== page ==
This report is great!!! Keep it up TP. You've got me hooked.
I asked a Mexican friend of mine a while back about this sign and she just shrugged and said it means to dim your lights.... No mention of the MX custom about the first to flash...
I hope not to get in the situation where I need to decide whether it is ok to continue a pass based on whether someone flashes their lights at me. MX is no place to take chances. I love riding there but you need to use a little common sense. On a bike it is usually no problem though. My only close calls passing other vihicles have been in the US.
Carry on Bob!!
These signs are related. What do they mean?:
PREPARE SU QUOTA
PARE EN CASETA
in the mail.honest.
I was asked in a message to comment here about my experience with gasoline in Mexico.
Veteran Mexico riders should skip this, or chime in with an opinion if you'd like.
PEMEX - Petroleos Mexicanos - is the single national brand of gasoline available everywhere in Mexico.
The bottom line, and you can read this paragraph and then even skip the rest of this post, it that its great gas, cheap (on par with U.S. prices) and will work in any motorcycle without any issues.
PEMEX stations are full service stations, meaning the pump attendant will pump your gas for you. But that's only if you want it that way.
Most motorcyclists like filling their own tank, so just say so or motion for the handle saying a quick "por favor".
You'll see two choices at the pump, verde (green) and roja (red - premium). I usually opt for the roja, but I've filled up and verde many times when it was the only option.
Each time I pull into PEMEX, I have a 100 peso note ready - about ten bucks. On average, I'll spend in the 80 to 90 peso range, and give the other 10 to 20 pesos to the attendant as a tip. That's only one or two bucks.
Only once have I thought I was almost been short changed at a PEMEX. But in thinking about it, I wasn't sure if it was me or the attendant. I've never met a dishonest person in Mexico, so it was probably me.
In the back country, you can buy gas off the back of pickup trucks or from mom and pop garages. Of all the threads I've read, I have never heard of anyone getting bad gas. I'll let Kenny or Lone Rider or Gaspipe talk to this if the wish.
PEMEX stations make great meeting points as well. If you split up, as I usually do, you can agree to meet at the "first PEMEX in town" type of thing. It works great
The other habit most of us got into was to hydrate with gatoraid at each PEMEX. Not everybody carried water on their bike (although to do so is not only a good idea, it could save your bacon in certain situations). Long days in the saddle and the heat and the wind can combine to dehydrate a rider and at minimum make the day less pleasant than it could/should be.
Don't worry about the gas at all, and don't worry if its red or green. Just tank up and fly!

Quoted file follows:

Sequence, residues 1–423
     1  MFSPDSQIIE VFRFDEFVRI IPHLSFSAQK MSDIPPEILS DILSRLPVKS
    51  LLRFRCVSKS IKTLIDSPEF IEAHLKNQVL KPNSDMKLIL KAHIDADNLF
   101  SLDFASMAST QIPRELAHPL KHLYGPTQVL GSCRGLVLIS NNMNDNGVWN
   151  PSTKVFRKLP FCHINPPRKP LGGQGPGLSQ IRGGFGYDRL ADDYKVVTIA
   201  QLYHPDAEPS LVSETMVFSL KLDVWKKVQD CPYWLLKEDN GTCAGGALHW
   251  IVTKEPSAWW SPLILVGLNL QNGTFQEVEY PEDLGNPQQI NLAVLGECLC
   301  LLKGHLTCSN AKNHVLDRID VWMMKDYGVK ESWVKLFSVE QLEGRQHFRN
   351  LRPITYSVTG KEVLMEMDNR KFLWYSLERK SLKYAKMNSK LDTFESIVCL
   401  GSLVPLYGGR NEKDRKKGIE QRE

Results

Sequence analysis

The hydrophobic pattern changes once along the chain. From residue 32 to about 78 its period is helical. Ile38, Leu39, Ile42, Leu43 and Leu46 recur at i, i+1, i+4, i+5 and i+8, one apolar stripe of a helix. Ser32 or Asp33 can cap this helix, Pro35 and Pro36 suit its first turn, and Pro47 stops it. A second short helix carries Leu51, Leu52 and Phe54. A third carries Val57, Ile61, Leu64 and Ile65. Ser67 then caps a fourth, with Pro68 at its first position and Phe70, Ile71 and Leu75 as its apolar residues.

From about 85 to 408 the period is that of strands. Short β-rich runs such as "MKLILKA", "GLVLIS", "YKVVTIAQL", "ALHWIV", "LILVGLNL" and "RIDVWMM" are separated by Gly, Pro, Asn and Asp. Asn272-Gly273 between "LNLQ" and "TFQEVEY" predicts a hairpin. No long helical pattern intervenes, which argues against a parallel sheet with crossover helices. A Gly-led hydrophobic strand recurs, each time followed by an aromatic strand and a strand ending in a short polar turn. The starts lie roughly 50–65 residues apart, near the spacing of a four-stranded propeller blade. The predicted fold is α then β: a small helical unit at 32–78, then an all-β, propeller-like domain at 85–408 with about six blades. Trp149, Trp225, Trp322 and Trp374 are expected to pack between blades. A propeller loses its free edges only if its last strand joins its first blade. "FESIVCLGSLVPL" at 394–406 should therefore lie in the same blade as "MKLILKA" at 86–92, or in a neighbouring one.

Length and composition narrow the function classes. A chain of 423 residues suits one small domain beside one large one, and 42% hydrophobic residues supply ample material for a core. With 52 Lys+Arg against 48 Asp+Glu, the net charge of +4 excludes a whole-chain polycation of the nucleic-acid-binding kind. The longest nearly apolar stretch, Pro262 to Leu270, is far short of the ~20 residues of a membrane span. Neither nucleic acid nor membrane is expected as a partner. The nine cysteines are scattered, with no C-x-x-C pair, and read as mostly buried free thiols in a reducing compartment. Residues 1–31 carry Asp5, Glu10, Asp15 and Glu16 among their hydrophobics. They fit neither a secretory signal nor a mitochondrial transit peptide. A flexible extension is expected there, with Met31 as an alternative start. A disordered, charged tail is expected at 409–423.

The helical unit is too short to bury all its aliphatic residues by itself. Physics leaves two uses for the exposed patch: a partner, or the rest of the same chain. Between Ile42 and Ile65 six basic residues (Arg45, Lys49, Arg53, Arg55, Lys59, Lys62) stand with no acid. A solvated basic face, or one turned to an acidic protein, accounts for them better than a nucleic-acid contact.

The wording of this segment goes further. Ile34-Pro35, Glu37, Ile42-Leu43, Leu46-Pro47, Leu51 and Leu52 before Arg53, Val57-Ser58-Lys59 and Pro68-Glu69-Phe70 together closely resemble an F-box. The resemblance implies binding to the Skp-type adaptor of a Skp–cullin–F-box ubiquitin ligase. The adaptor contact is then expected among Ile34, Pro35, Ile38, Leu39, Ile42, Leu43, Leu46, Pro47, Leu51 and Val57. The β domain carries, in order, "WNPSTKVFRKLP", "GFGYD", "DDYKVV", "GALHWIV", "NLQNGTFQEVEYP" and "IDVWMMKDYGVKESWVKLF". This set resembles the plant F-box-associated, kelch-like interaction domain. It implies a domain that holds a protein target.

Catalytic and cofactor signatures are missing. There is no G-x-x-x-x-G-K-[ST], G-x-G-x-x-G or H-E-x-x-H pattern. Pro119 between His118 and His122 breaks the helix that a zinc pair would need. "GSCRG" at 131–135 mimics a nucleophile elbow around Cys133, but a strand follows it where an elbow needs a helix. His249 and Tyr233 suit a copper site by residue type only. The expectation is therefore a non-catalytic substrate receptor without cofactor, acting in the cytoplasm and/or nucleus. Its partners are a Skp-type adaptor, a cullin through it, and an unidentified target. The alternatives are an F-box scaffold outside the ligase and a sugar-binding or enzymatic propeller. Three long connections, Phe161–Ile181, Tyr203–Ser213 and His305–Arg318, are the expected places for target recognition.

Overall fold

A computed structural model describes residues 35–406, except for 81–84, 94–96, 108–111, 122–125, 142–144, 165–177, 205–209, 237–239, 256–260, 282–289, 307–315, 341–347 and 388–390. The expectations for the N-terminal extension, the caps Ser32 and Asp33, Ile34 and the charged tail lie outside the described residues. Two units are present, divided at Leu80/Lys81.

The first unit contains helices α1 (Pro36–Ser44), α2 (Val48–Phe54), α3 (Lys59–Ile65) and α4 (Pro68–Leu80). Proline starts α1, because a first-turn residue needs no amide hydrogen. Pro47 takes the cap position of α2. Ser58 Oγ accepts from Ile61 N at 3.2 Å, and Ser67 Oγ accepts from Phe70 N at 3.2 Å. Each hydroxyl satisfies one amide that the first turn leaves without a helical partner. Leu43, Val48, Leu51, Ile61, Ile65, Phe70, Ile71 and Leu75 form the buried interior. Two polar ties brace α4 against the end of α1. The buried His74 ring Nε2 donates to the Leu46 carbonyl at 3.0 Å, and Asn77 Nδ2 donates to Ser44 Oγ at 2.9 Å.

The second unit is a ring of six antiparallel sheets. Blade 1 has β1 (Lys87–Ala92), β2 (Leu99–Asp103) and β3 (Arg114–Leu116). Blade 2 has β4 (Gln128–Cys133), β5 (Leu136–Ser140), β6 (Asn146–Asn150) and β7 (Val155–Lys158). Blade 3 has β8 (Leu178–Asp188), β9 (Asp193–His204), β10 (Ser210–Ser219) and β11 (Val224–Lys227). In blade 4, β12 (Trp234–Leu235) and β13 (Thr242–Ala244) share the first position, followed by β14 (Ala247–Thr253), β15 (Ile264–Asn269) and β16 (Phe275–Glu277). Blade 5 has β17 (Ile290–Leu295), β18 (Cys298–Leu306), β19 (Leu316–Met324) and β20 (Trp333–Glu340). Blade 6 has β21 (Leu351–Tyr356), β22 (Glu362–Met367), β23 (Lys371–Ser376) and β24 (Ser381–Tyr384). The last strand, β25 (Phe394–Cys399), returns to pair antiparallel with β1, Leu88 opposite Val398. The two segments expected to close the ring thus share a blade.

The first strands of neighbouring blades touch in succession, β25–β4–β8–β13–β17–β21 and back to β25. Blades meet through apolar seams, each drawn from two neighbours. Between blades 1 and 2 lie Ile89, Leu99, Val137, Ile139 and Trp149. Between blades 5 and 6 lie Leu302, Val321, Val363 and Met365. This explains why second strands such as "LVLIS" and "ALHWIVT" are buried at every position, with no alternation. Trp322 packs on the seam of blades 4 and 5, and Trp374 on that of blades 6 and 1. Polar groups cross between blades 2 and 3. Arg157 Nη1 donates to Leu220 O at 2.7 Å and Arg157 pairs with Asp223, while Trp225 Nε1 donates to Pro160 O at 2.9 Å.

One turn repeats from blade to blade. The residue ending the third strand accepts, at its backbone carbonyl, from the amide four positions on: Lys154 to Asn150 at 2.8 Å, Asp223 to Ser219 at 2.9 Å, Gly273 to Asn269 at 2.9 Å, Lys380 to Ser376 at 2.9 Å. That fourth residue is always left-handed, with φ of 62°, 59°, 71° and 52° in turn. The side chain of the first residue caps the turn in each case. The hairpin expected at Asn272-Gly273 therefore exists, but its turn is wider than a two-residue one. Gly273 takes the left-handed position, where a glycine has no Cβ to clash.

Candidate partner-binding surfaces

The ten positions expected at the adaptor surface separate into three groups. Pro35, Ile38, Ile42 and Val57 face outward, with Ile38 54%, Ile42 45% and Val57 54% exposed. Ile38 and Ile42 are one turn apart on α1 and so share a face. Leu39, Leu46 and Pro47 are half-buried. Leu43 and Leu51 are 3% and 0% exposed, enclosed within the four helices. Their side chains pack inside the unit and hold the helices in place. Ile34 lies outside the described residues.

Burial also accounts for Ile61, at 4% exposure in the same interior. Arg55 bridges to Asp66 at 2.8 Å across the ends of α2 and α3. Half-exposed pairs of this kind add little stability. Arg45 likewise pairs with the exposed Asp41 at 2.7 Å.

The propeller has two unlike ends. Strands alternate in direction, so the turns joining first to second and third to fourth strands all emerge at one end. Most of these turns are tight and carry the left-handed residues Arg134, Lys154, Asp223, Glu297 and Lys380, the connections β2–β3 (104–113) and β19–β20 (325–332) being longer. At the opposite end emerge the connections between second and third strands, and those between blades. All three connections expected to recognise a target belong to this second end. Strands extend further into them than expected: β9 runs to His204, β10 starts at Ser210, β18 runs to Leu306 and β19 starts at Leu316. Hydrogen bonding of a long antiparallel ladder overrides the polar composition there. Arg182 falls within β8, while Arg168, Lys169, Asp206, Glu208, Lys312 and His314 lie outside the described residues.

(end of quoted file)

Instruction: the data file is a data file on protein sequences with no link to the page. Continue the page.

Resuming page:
Ooops I almost forgot.
Speaking of PEMEX, it was at one when I had my bars turned while pushing the bike to the pump, and for some reason grabbed a handful of brake, and the combination of things started to lean the bike over to the point that I couldn't get it upright and it was taking everything I had to stop from laying it down.
Peter saw what was happening and fortunately ran over to catch the bike before it hit the cement, but not before I popped a hamstring really, really good on my right leg.
Well, not to worry, its Mexico.
Alejo knew exactly what to get from the farmacia:
Trust me. If Tylenol 3 works for you, these will be right up your alley! +100
This is the stuff to throw in your medical kit in case someone biffs or contracts some really serious pain. Just DON'T take any of this stuff while on your bike. Trust me.
You'll want to write the name of this stuff down before you head for the border!
And its over-the-counter, too
WARNING. These claims have not been approved by the Food and Drug Administration. Void where prohibited by law. Only sensible adults over 18 under the strict supervision of a physician should take Supradol while on a fantastic motorcycle trip to Mexico. Caution, may cause drug interaction. Use caution when combining with alcohol. Do not take more than 4 tablets in any 24 hour period. If you take more, you are having too much fun and should probably throttle back on the tequila a little bit.
I have bought gas all over MX: Baja and mainland and never had a problem. Bike always ran fine. My ST1300 called for premium but I often put in regular(verde) when that was all that was available and never had any problems.
I have never been short changed or even had someone attempt it. And I always pay close attention to how much I owe and what I give the attendant. Most Mexicans are honest, hard-working people just trying to make a living. In my opinion you have as good a chance of getting gipped in the US as you do in MX.
I always greet them in Spanish though so maybe it helps if they think I speak a little of the language.